Starring: Hugh Jackman, Rachel Weisz, Ellen Burstyn, Mark Margolis
Directed by: Darren Aronofsky
Brave and beautiful, ‘The Fountain’ is one of the most striking and most wonderful films I have ever seen in my entire life. This experimental narrative impresses and indulges. It is such an organic opus for director Darren Aronofsky… and I really salute every single person involved in the making of this film.
I think this is the most personal film review I have ever made to date…
More than being an audio-visual masterpiece, this open-ended, surreal, and lingering within human’s stream-of-consciousness film triggers a world of visionary artistry stimulating not just the eyes and ears – it goes down to a human being’s very senses until it reaches the core of the soul. A haunting and remarkable journey that takes a viewer to various places and levels of consciousness, ‘The Fountain’ addresses such a metaphysical, emotional, and spiritual topic by utilizing an instinctive human language of pure cinematic poetry. Indeed, it gives that mystical, astonishing, and evocative film experience.
I do know that this film won’t affect every person watching it the way it struck me, but surely, at one point, every person who gets to watch this film will get a knock on the door of his/her soul… with lingering questions about love, life, and death… Some of the people from behind me at the moviehouse have actually called it weird. Maybe it is… and maybe I just share the same wavelength with such a vision that’s why I have appreciated it so much… but with all conviction, I do believe that if a person opens his/her mind to the ‘weirdness’ that they call, this cinematic poem will surely tap the subconscious into some miraculous transcendence. It will make the viewer wonder, question, and evaluate the unanswered inquiries he/she has since his/her childhood days… The film will not impose a concrete answer – but the magic of it is that it makes the viewer think and absorb the experience to think and act for the more important things in the present life than getting the concrete answers to the questions left unanswered since time immemorial.
‘The Fountain’ is a meditative film. Some may find it a soothing and suiting meditation on love and life, on life and death, on struggling and accepting, on beginning and end. It works in many levels. And yet there is a perfect coherence in Aronofsky’s sense of imagery. With a careful and artistic hand, he paints complementing images and scenes that are meant to invoke feelings than making outright conclusions. It has an amazingly unified theme-driven story. Moreover, ‘The Fountain’ is an experimental narrative with such experimental film elements evoking the right emotions and triggering a validating stream of consciousness from its metaphysical aspects to convey its message and promote the film experience it aims. Indeed, this film about humanity’s mad struggle to find a cure for man’s transience is a powerfully engaging examination of mortality and loss wrapped up in a finely weaved sci-fi fantasy. And the film makes its own representation of addressing such an idea as: ‘Life is short, and so, we should make the most of it, and at the same time, live by the values we learn from it, and we shall finally find contentment with what forever has in stored for us…’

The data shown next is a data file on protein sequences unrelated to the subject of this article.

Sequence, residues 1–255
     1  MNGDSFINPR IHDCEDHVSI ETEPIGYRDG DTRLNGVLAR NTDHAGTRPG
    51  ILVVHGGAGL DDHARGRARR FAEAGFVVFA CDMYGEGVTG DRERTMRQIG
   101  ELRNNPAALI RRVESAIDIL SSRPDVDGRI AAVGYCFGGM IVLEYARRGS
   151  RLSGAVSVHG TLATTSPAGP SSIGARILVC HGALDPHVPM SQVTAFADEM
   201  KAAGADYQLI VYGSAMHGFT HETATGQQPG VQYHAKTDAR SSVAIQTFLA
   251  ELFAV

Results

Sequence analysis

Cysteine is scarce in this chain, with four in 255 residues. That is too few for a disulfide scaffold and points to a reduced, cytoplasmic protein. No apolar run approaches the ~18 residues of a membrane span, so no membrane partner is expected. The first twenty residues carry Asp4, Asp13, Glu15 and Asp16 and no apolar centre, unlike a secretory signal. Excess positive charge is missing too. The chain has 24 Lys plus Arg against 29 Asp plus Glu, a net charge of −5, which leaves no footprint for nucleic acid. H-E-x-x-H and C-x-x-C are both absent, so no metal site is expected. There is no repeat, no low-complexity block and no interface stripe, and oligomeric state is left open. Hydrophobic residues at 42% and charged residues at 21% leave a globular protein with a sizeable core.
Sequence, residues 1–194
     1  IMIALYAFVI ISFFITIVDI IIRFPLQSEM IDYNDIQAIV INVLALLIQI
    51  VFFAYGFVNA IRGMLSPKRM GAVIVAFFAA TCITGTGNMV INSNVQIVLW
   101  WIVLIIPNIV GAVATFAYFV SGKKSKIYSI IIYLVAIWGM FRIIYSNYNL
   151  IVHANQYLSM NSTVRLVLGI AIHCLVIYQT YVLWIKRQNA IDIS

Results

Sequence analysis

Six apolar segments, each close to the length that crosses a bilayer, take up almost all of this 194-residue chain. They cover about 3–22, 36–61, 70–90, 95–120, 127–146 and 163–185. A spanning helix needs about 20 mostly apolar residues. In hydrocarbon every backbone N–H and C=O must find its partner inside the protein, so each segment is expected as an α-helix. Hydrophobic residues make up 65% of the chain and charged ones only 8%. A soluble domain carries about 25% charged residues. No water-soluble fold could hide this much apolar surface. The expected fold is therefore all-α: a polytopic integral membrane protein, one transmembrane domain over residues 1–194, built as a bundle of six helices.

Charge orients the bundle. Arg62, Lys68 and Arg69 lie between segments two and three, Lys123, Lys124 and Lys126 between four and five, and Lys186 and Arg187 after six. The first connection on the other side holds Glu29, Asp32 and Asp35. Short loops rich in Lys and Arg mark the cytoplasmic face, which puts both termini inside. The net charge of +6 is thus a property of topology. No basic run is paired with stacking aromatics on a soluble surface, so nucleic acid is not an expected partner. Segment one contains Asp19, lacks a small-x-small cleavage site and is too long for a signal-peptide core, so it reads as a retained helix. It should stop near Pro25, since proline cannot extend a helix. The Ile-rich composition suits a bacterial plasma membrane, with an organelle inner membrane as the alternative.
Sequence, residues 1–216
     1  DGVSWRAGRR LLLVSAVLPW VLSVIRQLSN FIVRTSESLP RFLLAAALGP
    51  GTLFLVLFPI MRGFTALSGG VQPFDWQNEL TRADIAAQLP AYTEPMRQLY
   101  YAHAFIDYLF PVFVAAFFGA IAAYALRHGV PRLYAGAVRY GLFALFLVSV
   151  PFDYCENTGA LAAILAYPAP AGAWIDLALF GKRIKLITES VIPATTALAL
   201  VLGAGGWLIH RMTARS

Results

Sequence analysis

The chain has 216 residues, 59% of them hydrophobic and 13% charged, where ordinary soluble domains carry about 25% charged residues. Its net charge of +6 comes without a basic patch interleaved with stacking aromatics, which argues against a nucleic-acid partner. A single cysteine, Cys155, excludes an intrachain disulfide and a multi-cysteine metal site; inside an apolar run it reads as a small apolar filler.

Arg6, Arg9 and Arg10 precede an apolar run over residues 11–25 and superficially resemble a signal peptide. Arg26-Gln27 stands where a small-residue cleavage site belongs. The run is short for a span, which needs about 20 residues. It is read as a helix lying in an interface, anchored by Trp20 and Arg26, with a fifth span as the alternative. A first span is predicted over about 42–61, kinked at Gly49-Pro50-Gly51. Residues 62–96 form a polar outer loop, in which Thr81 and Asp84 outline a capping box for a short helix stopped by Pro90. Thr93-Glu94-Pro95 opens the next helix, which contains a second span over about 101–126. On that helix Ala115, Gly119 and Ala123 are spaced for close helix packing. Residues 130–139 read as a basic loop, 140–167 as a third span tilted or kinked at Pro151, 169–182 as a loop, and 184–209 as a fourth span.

The splendid visual, sound and music elements, the enchanting storytelling, the taut acting, the powerful direction… together they make up this masterpiece. With each rhyming images and visual metaphors, every beat and unit of the actual film are carefully threaded together to give a tap to the soul and its lifetime of inquiries – its very idea may go beyond the scope of human understanding; but its emotional force really surfaces effectively to bequeath that mystical, soulful experience.
‘The Fountain’ is a risky and yet uncompromising cinematic work. Aronofsky tries to replace the prose of the already marked narrative storytelling by coming up with three distinct themes that gradually come together in a movement that is both powerful and beautiful. It’s a thought-provoking tipandroid.com, emotionally honest drama that is steeped in love and loss. And with its time-spanning love story, it is inventive in using organic means to come up with much of its special effects; thus, creating a more organic and dynamic feel to it. Furthermore, the film pushes the audience’s flights of imagination into new facets and dimensions. Indeed, Aronofsky displays such an admirable film discipline. He proves that film is a really powerful medium, and even though the formula conquers the motion picture industry, a filmmaker can still live up with a unique language that is challenging and refreshing – and this is such an achievement.
Noticeably, in the film’s flash website under Warner and the write-ups/PRs directly coming from Warner, I would have to agree with Aronofsky advocating the idea that the people working for the film are all filmmakers. It is such an honor to share some similar insights with one admirable filmmaker as him. And one of these insights, I can not let pass not saying here… I have publicly said in one of my film reviews before (from my film review of the Filipino film entitled ‘Ilusyon’), that in any filmmaking endeavor, every person, whether working in front of the camera or behind the scene, is a filmmaker. I know this is fair enough to understand; while elaborating with this would probably need a new article/essay to write about.